South Sudan Has Reached a Breakthrough Peace Deal
The signing of the peace deal is considered a major step towards ending the five-year civil war—will it last this time around?
Citizens have taken to the streets of South Sudan to celebrate what is being called a "breakthrough" peace deal aimed at putting an end to the country's five-year civil war.
South Sudan's President Salva Kiir signed a power-sharing deal with rebel leader Riek Machar in Khartoum, Sudan, legitimizing him by making Machar one of the country's five vice presidents.
Since the conflict began in a newly-succeeded South Sudan in 2013, millions of people have been displaced and tens of thousands have lost their lives, reports BBC Africa. The peace deal is being seen as a major step forward, as many previous attempts at peace have been unsuccessful.
The ruling party has named today an unofficial holiday and businesses in the capital are closed.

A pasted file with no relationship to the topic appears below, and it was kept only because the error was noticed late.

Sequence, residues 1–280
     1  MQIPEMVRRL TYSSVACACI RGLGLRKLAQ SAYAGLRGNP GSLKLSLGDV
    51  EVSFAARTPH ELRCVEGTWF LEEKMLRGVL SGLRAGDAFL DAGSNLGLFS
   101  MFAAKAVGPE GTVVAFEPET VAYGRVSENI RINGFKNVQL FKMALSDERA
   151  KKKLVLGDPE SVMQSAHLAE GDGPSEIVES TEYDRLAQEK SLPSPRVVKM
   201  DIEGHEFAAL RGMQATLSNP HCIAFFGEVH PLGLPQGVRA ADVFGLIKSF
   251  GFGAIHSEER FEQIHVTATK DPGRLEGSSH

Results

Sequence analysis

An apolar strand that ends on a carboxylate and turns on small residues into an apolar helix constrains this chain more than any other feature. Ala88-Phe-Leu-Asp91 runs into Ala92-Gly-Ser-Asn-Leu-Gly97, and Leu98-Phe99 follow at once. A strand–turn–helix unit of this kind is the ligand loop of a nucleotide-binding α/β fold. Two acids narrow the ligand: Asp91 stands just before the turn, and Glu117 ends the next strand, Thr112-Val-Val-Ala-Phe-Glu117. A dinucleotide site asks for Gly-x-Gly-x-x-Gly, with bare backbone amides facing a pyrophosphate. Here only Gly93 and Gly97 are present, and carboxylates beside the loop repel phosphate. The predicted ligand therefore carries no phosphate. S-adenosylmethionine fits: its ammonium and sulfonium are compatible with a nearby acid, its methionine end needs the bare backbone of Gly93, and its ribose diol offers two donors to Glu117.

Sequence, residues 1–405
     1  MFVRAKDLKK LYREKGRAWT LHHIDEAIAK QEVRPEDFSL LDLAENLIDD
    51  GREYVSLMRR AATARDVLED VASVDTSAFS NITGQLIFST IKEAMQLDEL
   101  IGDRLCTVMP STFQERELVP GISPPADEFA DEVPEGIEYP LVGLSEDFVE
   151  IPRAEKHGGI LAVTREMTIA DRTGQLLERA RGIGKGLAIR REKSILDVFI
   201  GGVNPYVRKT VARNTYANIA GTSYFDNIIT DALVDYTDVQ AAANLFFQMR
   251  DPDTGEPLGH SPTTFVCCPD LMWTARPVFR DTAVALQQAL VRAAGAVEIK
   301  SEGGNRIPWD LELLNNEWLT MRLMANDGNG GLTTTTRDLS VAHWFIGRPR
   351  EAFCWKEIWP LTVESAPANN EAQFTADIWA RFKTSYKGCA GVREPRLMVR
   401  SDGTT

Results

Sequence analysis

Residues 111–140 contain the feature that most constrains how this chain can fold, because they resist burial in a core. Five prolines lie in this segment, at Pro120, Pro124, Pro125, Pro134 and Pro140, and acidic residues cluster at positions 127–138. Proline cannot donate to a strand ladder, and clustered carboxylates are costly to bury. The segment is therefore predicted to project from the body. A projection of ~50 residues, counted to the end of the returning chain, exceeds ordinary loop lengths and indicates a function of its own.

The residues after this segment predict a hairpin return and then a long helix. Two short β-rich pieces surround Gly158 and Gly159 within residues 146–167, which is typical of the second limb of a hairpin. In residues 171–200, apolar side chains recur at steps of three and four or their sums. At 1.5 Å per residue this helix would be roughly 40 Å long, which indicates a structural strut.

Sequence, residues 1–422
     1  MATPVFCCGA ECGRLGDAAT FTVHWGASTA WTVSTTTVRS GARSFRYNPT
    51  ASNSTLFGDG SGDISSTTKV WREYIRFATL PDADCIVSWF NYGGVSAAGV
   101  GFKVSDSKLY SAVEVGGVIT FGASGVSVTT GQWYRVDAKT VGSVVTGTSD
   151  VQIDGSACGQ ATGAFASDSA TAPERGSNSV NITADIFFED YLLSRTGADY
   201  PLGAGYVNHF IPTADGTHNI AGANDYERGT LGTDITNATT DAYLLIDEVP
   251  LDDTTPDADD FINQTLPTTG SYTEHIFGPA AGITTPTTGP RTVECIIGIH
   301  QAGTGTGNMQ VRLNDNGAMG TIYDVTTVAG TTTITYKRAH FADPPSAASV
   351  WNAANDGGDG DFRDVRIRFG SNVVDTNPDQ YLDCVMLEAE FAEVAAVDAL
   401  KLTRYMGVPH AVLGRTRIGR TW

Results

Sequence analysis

It's worth noting, that a similar peace deal was signed in 2015, but it failed the following year with Machar fleeing the country on foot. According to analysts at the BBC, this time around, the motivations for renewed peace are different. Stakeholders on both sides of the conflict see the potential benefits of reconciliation, as both sides are running out of money to support their agendas. There are also hopes, that the expressions of hope from citizens, will hold leaders accountable and deter them from breaking their agreement.
The South Sudanese people are expressing faith in their country despite past turmoil, by publicly celebrating the deal. There is an air of hope, that this peace deal will bring about real change in the world's youngest nation.